Taking on religion and gun culture wouldn’t be an option for most southern rock bands. But with their new single “Thoughts and Prayers,” Drive-By Truckers once again show that they’re not the average southern rock band.
Drive-By is one of the best bands in America. They’re also one of the most political. For a while, the group—currently numbering five players, with Alabama-born Patterson Hood and Mike Colley being the founding members—was content to make compelling alt-country music. A famously hard-living, hard-touring band, they write songs that comment on the struggles of 21st century Americans. The Unraveling, slated for release January 31, promises to be a political assault on the Trump era. In making their music and formulating their politics, the Truckers have drawn on a long tradition of southern populism.
On their last album, American Band, the Truckers tackled political issues ranging from gun control to xenophobia, Confederate flag culture and police shootings. Recording The Unraveling, frontman and chief songwriter Hood said the band wanted to step away from politics, but it didn’t really work out.
Back in the late-1990s, the Truckers, who got their start in north Alabama, were something like a Deep South version of the Beastie Boys, with early songs about Steve McQueen and Bill Clinton’s penis. That changed with 2001’s Southern Rock Opera, released the day after the 9-11 attacks. The album was a howl from the early Bush era that examined the legacy of slavery, Skynyrd and George Wallace. Easy targets for ridicule, right? Despite that fact, the band approached men such as Wallace from two sides, what the band calls “the duality of the southern thing.” The Truckers concluded that Wallace was a hell-bound racist, but he started out a fairly progressive judge who ended his career by winning a majority of the black vote in Alabama.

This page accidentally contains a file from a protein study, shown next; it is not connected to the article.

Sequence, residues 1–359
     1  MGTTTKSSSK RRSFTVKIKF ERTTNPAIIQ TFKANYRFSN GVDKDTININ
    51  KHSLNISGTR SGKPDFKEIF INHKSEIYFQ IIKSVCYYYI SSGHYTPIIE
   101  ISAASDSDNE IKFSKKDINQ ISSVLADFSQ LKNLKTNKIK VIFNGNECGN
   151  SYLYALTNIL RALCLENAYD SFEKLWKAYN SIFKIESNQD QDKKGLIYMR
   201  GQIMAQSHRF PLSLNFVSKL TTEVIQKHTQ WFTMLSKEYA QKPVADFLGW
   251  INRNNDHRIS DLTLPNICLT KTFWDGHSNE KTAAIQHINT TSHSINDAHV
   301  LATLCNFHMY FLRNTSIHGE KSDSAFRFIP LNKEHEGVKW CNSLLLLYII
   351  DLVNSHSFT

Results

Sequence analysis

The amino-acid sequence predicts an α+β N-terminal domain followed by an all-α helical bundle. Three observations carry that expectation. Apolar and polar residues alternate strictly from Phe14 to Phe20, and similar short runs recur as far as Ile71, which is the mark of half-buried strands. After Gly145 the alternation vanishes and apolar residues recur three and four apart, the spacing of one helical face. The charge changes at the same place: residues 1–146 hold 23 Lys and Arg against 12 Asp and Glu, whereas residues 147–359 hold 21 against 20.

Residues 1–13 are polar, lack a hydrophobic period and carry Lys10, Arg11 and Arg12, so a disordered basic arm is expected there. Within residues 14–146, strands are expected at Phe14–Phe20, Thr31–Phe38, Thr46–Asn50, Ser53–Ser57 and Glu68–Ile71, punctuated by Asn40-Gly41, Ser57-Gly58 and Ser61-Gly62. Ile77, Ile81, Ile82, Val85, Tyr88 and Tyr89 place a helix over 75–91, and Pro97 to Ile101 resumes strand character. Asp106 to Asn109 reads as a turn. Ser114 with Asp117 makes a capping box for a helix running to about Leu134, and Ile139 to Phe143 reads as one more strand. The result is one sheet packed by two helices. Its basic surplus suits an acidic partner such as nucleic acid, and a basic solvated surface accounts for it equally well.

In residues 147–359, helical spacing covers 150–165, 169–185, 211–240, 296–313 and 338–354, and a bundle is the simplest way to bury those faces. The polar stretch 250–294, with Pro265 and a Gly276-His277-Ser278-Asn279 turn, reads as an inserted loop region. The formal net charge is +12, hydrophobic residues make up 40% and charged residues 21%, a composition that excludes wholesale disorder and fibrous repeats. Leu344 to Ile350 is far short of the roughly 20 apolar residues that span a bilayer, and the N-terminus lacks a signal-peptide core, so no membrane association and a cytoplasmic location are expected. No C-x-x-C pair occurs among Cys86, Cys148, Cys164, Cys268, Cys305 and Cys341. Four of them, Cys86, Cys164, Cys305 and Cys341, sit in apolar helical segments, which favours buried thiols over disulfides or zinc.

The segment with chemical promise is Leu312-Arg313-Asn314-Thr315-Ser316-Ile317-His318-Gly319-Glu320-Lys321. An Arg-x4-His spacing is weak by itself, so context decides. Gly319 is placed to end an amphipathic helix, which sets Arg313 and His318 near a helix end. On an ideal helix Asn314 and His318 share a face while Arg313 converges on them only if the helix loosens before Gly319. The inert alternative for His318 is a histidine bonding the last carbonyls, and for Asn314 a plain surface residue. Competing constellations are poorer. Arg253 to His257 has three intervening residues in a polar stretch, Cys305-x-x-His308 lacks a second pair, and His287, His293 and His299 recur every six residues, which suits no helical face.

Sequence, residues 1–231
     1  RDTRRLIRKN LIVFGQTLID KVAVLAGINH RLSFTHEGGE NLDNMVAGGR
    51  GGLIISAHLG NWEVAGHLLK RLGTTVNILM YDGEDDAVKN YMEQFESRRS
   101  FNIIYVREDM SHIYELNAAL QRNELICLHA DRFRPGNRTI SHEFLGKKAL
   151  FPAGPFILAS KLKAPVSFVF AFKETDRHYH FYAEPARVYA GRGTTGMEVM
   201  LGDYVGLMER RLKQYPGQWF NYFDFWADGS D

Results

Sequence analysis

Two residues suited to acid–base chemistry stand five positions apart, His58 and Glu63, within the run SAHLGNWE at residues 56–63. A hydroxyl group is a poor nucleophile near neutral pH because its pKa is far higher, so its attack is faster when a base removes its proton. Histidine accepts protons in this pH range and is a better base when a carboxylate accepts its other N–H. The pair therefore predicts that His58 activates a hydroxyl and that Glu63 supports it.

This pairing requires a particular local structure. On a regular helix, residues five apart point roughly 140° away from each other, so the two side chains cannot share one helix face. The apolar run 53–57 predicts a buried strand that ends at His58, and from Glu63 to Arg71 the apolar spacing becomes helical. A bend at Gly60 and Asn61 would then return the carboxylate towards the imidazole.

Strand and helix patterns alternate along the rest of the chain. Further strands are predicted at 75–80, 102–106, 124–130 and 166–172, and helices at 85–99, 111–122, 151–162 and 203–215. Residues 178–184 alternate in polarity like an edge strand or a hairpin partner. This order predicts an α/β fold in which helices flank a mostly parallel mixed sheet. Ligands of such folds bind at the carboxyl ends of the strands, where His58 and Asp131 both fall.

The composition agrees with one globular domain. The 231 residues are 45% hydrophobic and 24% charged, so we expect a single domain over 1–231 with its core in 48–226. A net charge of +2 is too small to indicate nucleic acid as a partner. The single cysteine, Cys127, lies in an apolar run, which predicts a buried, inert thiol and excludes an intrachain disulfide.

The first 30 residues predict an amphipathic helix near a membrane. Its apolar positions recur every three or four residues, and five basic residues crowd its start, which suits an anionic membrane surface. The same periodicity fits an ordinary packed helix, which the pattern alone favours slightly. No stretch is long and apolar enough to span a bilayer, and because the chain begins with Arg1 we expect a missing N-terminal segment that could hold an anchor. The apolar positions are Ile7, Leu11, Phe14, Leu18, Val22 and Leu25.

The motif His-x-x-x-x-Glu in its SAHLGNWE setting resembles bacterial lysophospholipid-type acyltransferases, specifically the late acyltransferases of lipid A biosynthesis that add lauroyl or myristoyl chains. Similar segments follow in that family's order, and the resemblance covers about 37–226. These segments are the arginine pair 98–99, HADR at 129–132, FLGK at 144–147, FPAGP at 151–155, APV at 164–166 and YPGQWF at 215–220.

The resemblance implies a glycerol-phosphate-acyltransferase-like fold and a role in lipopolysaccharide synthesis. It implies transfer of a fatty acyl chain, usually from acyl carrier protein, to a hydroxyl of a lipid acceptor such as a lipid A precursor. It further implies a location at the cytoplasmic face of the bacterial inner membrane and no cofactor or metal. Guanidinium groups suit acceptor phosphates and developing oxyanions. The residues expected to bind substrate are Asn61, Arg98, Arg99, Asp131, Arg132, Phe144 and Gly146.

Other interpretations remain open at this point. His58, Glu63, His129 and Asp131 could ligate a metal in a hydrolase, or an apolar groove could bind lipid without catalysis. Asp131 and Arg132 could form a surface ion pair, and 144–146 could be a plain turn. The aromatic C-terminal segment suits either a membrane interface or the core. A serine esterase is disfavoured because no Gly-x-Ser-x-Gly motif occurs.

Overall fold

Southern Rock Opera sold well and turned a good band into a great one. It branded them as postmodern southern rockers with an intellectual bent and a sharp social conscience. After Southern Rock Opera came two more classics: Decoration Day (a southern term for Memorial Day) and The Dirty South. Along with the murder ballads and twisted love stories, the Truckers kept issues of class firmly in their gaze. Even on their less political albums, they have lauded the working man.
The Truckers made their strongest political statement to date on their 2016 LP, American Band. The album was a departure in many ways, down to its black and white image of the U.S. flag on the cover (their first album cover to not feature original artwork). To further punctuate their message, while touring for American Band, the Truckers hung a “Black Lives Matter” banner from keyboardist Jay Gonzalez’s organ cabinet.